IPsec Site-to-Site Tunnel between SRX100 and PfSense (Policy-Based VPN)

pfs-jsrx100-ipsec-pbvpn

Today (with the help of my friend and skillful netadmin Malte) we finally figured out how to bring up an IPsec Site-to-Site Policy-based VPN with multiple phase2-entries behind the PfSense and a single subnet behind the SRX100.

For this to work with a Policy-Based VPN (since PfSense can’t do route-based VPN) you need to create a policy for each combination of the subnets so that juniper can generate the correct proxy-id’s. If you miss one, you end up with an error like:

Last Tunnel Down Reason: More than two SA pairs

 

Here’s the config from the J-Point of view:

set security ike proposal ike-proposal-colocation authentication-method pre-shared-keys
set security ike proposal ike-proposal-colocation dh-group group2
set security ike proposal ike-proposal-colocation authentication-algorithm sha-256
set security ike proposal ike-proposal-colocation encryption-algorithm aes-256-cbc
set security ike proposal ike-proposal-colocation lifetime-seconds 28800

set security ike policy ike-policy-colocation mode aggressive
set security ike policy ike-policy-colocation proposals ike-proposal-colocation
set security ike policy ike-policy-colocation pre-shared-key ascii-text <SECRET>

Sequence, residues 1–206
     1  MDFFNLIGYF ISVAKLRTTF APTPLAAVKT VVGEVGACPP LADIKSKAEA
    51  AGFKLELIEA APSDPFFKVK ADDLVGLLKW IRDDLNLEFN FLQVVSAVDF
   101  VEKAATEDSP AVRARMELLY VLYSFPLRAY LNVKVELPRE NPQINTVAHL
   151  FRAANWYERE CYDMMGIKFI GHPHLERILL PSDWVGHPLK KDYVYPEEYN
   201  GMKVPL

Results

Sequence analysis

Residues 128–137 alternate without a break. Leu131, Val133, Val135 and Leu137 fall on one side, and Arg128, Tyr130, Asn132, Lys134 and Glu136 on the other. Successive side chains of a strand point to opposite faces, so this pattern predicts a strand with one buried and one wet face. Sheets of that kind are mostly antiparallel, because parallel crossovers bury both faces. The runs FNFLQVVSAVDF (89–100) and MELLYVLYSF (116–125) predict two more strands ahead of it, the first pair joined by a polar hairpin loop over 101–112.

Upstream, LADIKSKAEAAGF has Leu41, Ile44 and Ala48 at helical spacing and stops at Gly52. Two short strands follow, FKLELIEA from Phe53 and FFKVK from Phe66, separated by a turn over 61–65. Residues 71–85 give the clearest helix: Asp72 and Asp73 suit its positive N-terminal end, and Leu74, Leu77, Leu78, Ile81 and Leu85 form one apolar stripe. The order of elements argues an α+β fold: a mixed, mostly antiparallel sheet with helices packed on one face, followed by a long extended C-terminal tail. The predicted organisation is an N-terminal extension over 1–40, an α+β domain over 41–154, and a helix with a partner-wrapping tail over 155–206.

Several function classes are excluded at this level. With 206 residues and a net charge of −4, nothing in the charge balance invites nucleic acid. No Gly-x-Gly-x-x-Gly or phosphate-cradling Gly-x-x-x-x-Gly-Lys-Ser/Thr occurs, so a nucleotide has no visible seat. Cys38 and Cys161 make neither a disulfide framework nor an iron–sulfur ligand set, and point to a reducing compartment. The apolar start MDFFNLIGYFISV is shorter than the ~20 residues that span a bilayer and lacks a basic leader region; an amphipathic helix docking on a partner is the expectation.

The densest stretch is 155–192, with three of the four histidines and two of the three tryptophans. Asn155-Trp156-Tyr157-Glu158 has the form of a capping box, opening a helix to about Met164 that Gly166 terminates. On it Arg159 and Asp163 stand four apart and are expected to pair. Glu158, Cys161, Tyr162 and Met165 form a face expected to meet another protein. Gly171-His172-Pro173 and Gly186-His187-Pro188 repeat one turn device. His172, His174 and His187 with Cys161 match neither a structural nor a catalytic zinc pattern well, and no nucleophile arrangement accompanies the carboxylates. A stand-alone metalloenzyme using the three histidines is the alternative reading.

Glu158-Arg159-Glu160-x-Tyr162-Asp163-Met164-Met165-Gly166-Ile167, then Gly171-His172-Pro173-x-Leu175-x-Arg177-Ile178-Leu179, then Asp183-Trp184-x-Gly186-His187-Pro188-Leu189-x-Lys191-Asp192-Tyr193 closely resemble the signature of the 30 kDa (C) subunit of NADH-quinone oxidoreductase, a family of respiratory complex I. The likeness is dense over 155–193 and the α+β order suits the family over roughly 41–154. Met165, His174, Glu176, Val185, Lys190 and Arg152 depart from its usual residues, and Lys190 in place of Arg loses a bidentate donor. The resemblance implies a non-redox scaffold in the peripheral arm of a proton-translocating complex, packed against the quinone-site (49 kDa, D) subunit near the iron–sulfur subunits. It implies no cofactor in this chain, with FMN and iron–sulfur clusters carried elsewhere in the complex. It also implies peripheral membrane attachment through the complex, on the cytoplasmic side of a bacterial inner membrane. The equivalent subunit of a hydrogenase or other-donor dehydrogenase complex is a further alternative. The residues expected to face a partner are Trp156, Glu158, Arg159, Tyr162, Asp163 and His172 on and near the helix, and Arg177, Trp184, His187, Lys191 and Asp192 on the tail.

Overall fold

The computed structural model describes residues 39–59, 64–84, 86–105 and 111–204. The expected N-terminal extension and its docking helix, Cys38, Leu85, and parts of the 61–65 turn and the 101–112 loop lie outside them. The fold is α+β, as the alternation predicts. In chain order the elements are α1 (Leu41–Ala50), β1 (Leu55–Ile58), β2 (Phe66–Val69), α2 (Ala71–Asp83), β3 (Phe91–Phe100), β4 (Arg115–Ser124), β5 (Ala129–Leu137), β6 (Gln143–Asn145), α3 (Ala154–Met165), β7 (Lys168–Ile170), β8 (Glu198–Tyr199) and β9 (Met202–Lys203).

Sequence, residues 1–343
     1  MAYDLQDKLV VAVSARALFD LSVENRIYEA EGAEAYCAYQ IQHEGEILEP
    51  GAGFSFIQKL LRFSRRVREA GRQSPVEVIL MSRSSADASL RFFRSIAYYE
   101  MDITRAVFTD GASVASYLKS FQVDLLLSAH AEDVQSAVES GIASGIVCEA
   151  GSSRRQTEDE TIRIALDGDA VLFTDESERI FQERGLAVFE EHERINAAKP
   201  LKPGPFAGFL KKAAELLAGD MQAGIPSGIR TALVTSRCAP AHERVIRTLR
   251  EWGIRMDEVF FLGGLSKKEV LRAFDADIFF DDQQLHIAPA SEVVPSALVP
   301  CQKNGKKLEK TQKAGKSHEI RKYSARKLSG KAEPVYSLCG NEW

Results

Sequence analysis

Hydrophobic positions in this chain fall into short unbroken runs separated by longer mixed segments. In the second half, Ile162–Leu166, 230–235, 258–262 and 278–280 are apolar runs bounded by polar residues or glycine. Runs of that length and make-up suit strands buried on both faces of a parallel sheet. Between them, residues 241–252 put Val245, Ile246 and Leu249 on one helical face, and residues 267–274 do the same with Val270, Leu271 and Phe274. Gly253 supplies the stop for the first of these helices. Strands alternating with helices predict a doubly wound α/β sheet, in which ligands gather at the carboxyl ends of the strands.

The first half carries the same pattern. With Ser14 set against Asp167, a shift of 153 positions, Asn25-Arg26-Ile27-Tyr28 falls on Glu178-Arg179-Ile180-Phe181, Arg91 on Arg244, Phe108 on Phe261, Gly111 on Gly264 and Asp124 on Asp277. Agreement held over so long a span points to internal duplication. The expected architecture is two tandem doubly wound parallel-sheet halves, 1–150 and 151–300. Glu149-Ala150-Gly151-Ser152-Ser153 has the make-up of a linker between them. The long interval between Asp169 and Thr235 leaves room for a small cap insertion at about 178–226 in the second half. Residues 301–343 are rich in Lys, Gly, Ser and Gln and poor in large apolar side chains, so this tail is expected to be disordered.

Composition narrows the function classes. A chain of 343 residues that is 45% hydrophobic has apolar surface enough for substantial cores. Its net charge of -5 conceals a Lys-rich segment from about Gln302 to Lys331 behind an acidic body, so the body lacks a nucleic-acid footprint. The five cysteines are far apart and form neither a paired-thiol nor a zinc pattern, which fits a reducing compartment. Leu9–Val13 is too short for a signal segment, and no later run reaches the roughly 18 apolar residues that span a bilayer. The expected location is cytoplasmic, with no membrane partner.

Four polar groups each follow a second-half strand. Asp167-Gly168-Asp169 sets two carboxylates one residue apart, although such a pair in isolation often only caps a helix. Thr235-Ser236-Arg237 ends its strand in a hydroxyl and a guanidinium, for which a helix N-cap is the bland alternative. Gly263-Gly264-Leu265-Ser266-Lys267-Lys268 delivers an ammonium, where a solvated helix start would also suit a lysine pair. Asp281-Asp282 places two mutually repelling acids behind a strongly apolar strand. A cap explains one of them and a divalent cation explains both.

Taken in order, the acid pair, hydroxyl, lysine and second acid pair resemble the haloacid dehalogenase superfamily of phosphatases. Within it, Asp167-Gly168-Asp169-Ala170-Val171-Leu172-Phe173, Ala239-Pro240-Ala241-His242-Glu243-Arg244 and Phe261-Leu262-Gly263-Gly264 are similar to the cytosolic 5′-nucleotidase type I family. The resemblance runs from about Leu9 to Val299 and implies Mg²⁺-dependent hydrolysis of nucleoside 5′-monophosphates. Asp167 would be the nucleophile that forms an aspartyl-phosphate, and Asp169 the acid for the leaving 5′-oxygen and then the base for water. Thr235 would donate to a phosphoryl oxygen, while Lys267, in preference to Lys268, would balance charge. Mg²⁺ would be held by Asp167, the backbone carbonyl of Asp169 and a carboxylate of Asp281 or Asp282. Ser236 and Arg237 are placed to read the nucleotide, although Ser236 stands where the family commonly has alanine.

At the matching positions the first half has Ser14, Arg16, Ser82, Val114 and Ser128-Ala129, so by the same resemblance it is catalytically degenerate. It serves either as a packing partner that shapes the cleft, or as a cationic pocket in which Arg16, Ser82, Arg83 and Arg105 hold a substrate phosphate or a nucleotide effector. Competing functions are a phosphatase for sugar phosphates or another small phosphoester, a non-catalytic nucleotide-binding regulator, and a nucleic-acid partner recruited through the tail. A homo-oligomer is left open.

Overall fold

set security ike gateway ike-gate-colocation ike-policy ike-policy-colocation
set security ike gateway ike-gate-colocation dynamic hostname <HOSTNAME colocation>
set security ike gateway ike-gate-colocation local-identity hostname <LOCAL HOSTNAME>
set security ike gateway ike-gate-colocation external-interface fe-0/0/0

set security ipsec proposal ipsec-proposal-colocation protocol esp
set security ipsec proposal ipsec-proposal-colocation authentication-algorithm hmac-sha-256-128
set security ipsec proposal ipsec-proposal-colocation encryption-algorithm 3des-cbc
set security ipsec proposal ipsec-proposal-colocation lifetime-seconds 3600

set security ipsec policy ipsec-policy-colocation proposals ipsec-proposal-colocation

set security ipsec vpn ipsec-vpn-colocation ike gateway ike-gate-colocation
set security ipsec vpn ipsec-vpn-colocation ike ipsec-policy ipsec-policy-colocation
set security ipsec vpn ipsec-vpn-colocation establish-tunnels immediately

set security address-book global address NW_loc2_1-1-1 1.1.1.0/24
set security address-book global address NW_loc2_1-1-2 1.1.2.0/24
set security address-book global address NW_loc2_1-1-254 1.1.254.0/24
set security address-book global address NW_Local_LAN 2.2.2.0/24

set security policies from-zone external to-zone junos-host policy allow-icmp-any match source-address any
set security policies from-zone external to-zone junos-host policy allow-icmp-any match destination-address SRX-WAN
set security policies from-zone external to-zone junos-host policy allow-icmp-any match application junos-ping
set security policies from-zone external to-zone junos-host policy allow-icmp-any match application junos-ike
set security policies from-zone external to-zone junos-host policy allow-icmp-any match application custom-ipsec
set security policies from-zone external to-zone junos-host policy allow-icmp-any then permit